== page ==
11:35 a.m. — Three city police officers enter the school through the same door that Ramos used and are later followed by four other officers, McCraw said, putting a total of seven inside the building. Two officers receive “grazing wounds” from Ramos, McCraw said.
11:37 a.m. — Gunfire continues, with 16 rounds being shot in total, McCraw said. It’s unclear who fired the shots.
11:51 a.m. — A police sergeant and other law enforcement begin to arrive, McCraw said.
12:03 p.m. — A female (age unknown) calls 911 and whispers that she’s in classroom 112, McCraw said. The call lasts 1 minute, 23 seconds.
12:03 p.m. — Officers continue to enter the school, with as many as 19 officers in the hallway near the room where Ramos is holed up, McCraw said.
12:06 p.m. — Anne Marie Espinoza, a spokeswoman for the Uvalde Consolidated Independent School District, posts on the district’s Facebook page: “All campuses are under a Lockdown Status.
“Uvalde CISD Parents: Please know at this time all campuses are under a Lockdown Status due to gunshots in the area. The students and staff are safe in the buildings. The buildings are secure in a Lockdown Status. Your cooperation is needed at this time by not visiting the campus. As soon as the Lockdown Status is lifted you will be notified.”
“Thank you for your cooperation!”
12:10 p.m. — The female (age unknown) who called 911 at 12:03 p.m. calls 911 again and says there are multiple dead, McCraw said. She calls again at 12:13 p.m. and then again at 12:16 p.m., when she says there are eight to nine students alive.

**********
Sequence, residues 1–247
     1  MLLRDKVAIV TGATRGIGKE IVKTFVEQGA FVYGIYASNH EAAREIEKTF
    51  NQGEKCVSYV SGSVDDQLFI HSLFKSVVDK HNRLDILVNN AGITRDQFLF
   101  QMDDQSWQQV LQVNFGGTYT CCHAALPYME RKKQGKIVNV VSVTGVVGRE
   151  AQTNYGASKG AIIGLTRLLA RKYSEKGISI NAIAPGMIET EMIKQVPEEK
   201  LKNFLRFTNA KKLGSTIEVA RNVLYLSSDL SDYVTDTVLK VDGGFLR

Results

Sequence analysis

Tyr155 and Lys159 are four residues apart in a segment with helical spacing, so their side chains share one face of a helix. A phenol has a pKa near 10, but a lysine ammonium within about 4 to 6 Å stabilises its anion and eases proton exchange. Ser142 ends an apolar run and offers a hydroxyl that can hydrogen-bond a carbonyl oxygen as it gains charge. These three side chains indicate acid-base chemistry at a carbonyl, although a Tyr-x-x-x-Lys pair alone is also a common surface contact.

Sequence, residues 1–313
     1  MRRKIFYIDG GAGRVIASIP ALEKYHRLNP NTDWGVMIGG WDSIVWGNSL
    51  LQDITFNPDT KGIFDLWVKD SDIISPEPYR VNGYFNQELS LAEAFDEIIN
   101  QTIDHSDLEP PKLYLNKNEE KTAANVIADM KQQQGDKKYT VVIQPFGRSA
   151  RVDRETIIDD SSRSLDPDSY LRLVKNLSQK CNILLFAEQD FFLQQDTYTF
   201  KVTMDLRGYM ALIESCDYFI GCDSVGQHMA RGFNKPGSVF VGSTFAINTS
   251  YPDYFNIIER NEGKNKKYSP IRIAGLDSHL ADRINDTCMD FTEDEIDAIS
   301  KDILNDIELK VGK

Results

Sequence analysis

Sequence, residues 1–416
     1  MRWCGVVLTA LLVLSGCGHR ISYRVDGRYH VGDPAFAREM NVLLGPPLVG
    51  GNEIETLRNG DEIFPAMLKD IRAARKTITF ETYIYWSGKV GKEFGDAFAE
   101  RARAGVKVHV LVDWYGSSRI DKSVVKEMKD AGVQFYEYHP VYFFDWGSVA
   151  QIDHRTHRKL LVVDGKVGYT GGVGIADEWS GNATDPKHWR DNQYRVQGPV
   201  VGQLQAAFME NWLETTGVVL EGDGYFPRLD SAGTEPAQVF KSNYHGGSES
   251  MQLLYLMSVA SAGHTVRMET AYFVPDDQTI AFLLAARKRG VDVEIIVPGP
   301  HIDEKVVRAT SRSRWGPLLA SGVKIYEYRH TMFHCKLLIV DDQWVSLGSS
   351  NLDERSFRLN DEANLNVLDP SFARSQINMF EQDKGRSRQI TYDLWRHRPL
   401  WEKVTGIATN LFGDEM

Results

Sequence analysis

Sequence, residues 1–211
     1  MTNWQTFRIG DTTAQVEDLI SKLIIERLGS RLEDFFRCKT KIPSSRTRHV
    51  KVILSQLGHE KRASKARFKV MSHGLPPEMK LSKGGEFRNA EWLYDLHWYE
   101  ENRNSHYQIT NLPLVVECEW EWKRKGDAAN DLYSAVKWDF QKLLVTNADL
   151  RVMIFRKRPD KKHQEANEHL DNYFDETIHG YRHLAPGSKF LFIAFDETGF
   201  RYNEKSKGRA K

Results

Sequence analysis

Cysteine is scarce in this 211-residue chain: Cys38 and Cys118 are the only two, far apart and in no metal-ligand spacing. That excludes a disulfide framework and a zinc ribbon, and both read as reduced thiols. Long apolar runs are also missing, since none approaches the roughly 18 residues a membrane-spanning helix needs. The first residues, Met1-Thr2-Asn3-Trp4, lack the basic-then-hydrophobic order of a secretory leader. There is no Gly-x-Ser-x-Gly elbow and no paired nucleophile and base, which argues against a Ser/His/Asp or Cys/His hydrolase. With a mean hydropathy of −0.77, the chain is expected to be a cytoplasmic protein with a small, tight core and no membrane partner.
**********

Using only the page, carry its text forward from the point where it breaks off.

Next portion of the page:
12:10 p.m. — The first group of deputy U.S. marshals from Del Rio arrive from nearly 70 miles (113 kilometers) away to assist the various other law enforcement officers already on scene, according to the Marshals Service.
12:15 p.m. — U.S. Border Patrol tactical team members arrive with shields, McCraw said.
12:19 p.m. — Another girl in room 111 calls 911 and ends the call when a fellow student tells her to hang up, McCraw said.
12:21 p.m. — Ramos fires his gun again and officers believe he’s at one of the door of one of the adjoining classrooms, McCraw said. Police move down the hallway.
12:21 p.m. — Three shots can be heard during a 911 call, McCraw said.
Around this time, police are stuck in the hallway because both classroom doors are locked and they must seek keys from a school employee.
12:36 p.m. — A child calls 911 for 21 seconds.
Around this time, a girl calls 911 and is told to stay on the line and stay very quiet, McCraw said. The girl says, “He shot the door.”
12:43 p.m. —The girl urges the 911 dispatcher to “please send the police now.”
12:46 p.m. — The girl says she can “hear the police next door.”
12:47 p.m. — She again asks 911 to “please send the police now.”
12:50 p.m. — Officers open the doors with keys from a school employee, enter the classroom and kill Ramos, McCraw said. Shots can be heard over the 911 call.
12:51 p.m. — Officers can be heard moving children out of the room, McCraw said.
12:58 p.m. — Law enforcement radio chatter says Ramos has been killed and the siege is over, said Victor Escalon, regional director for the Texas Department of Public Safety.